By 2050, world population is projected to reach nine billion people. That would constitute a 38 percent jump from today's population total of 6.5 billion, and more than five times the 1.6 billion people believed to have existed in 1900. Demographers foresee declining, more aged populations in many industrialized nations, and explosively-growing, ever-younger populations in much of the developing world. VOA's Michael Bowman reports from Washington, both trends are seen as problematic.
If projections hold true, future global population growth will be heavily concentrated in Latin America, Africa and South Asia. Carl Haub is senior demographer at the Washington-based Population Reference Bureau. "All world population growth today is in the developing world. There is no natural population growth in Europe, and even the U.S. is very heavily dependent on immigration," he said.
By 2050, Africa's population, both northern and sub-Saharan, is expected to surge from 900 million to almost two billion, while South Asia's population is projected to swell from 1.6 billion to nearly 2.5 billion. At the same time, Europe's population is expected to shrink from 730 million to 660 million.
Haub has sobering words for African governments worried about resource management in the face of explosive population growth, or European governments concerned about providing for an increasingly aged population: in the short-term, little can be done. "Demographic momentum is such that you cannot change something overnight. We cannot go back and have the babies we should have had in 1985. Whatever goal you might set, you have to start doing something about it about a generation ahead of time," he said.
The bottom line is that fertility rates will likely remain low in regions where babies are most-wanted from a public policy standpoint, and highest in many regions where poverty and hunger are already prevalent. The United Nations Population Fund's Africa Director, Fama Hane Ba, says many developing nations are struggling to provide for their current populations, and could be overwhelmed by future demographic growth. "One of the consequences is the tremendous challenges to the countries, the governments and the populations to take care and to provide [for] social services, to these growing populations, and also employment opportunities," she said.
Experts also foresee increased urbanization in the developing world. Elizabeth Chacko, who teaches geography and South Asia studies at George Washington University, come from India, which is expected to account for one-fifth of world population growth over the next 50 years. "When you think about population growth at large, there is the density factor. People do not just spread evenly across the country. They are crowded in the cities, they are crowded in the coastal plains. And that makes for all kinds of problems. We know that with higher density there are often higher rates of crime, greater chance of the spread of epidemics," she said.
But Chacko notes that population growth can also generate a larger workforce and a bigger consumer base, both of which tend to propel economic growth.
At the Washington-based American Enterprise Institute, demography expert Nicholas Eberstadt warns that 50 year population projections can prove inaccurate, since they involve predicting the reproductive habits of a generation that has yet to be born. Nevertheless, to the extent that rapid population growth is anticipated in the developing world, he says it need not spell disaster for the poor. "In low-income areas there is continuing population growth. Does that mean unemployable people, or does that mean a vibrant workforce? It depends an awful lot on the sorts of policies and institutional settings in which one finds oneself. That seems to me to be a good argument for getting policies right and institutions good, rather than trying to fine-tune the birthrate," he said.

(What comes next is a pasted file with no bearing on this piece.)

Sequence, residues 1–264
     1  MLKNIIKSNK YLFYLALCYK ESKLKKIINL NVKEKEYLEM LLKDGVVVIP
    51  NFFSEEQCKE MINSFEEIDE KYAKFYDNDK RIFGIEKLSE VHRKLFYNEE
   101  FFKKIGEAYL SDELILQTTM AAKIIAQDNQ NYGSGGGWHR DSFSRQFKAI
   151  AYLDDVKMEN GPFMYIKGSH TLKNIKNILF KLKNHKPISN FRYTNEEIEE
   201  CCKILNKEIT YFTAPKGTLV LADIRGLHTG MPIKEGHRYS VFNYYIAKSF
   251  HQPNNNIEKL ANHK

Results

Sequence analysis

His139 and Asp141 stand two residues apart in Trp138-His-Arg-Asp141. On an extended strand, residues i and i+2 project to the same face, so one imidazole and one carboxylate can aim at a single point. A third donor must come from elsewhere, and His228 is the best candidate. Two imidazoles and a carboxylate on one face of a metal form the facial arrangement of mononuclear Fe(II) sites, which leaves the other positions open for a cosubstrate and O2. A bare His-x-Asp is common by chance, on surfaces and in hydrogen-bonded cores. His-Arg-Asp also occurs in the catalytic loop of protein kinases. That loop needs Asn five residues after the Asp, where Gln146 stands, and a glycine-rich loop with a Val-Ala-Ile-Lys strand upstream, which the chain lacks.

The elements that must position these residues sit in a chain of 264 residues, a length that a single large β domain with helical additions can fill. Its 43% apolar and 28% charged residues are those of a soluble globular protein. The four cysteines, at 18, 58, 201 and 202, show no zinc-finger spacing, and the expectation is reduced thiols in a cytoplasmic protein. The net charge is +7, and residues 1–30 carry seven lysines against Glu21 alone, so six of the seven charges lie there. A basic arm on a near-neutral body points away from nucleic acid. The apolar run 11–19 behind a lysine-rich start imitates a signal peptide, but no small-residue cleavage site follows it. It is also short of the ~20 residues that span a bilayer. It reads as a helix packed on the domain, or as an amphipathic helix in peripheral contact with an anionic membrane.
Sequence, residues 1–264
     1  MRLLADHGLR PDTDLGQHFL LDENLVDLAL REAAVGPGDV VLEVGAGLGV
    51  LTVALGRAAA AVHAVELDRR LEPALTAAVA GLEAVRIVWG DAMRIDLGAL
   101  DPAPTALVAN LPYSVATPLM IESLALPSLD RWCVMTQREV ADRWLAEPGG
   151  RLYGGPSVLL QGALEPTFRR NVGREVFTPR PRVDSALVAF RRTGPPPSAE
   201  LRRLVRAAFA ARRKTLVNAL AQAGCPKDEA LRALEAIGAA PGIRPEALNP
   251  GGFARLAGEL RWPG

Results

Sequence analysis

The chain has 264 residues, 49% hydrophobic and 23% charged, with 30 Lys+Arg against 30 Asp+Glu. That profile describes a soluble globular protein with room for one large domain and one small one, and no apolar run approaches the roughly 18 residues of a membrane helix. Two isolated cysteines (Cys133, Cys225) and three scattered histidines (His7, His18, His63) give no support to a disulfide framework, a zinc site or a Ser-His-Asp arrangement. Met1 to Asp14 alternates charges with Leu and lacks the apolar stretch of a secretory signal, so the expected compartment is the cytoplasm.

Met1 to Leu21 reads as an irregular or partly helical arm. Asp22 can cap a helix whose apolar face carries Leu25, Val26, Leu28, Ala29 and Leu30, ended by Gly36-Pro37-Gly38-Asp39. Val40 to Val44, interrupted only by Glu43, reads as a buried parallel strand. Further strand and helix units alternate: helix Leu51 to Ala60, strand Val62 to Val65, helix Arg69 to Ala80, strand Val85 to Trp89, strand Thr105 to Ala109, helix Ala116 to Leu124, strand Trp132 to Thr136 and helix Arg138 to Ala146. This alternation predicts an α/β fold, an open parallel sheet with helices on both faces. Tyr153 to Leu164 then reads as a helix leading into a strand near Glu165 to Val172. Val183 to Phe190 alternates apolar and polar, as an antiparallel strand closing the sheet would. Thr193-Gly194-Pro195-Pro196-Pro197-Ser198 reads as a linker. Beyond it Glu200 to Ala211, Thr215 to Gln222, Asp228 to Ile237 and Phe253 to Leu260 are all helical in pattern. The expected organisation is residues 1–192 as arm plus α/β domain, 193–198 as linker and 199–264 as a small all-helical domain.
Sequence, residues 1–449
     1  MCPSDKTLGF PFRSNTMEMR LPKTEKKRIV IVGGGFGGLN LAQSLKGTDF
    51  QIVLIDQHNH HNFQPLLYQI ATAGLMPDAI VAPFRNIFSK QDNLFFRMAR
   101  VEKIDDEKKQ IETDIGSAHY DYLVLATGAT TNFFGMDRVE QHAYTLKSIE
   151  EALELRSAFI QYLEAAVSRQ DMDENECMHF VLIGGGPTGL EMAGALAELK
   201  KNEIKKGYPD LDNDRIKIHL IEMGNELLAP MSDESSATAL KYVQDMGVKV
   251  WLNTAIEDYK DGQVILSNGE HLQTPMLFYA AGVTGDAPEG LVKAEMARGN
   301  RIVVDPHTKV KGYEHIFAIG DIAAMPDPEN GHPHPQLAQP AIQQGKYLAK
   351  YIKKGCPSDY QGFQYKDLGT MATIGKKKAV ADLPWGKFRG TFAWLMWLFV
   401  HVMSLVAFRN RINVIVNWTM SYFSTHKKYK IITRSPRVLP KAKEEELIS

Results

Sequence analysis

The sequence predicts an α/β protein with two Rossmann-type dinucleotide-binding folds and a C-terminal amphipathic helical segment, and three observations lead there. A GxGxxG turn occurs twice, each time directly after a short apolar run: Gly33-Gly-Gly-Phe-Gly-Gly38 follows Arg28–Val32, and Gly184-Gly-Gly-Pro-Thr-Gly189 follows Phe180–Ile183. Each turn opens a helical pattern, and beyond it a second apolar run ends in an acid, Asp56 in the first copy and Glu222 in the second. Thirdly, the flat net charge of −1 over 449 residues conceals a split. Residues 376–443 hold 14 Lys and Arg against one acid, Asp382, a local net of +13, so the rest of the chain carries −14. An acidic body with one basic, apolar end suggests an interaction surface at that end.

Eberstadt makes a similar argument for industrialized nations, noting that efforts by European governments to promote higher birthrates have met with little success. "Inducing women to become - let's call them 'baby ranchers' - is a very expensive proposition when women have alternative occupations in the paid labor force. Most Western European countries have tried to 'talk up' the birth rate, and not surprisingly that does not work too well," he said.
Chacko notes that many developing nations have programs to promote contraception. She says she sees a common thread in regions where those programs have proven most successful: the empowerment of women. "Kerala [state] in southern India has had one of the lowest fertility rates [in the country] and everything we know about Kerala suggests that the women in the state have a high status; they have been educated; they have been working for a long time. And research has shown that even a few years of education can have a great impact on fertility rates, because this is a woman who can read, who can understand the kind of birth control she might want to use - but also be empowered to use it," she said.
Among developed nations, the United States is an enigma. Unlike Europe, the U.S. population is expected to increase by one-third by 2050. Demographers note that the United States continues to receive large number of immigrants, predominantly from Latin America, and that immigrants tend to have higher birthrates than the domestic population as a whole. They also note that higher standards of living allow many American women to successfully rear children on their own, and that American men generally share child rearing duties to a larger extent than their counterparts in other nations.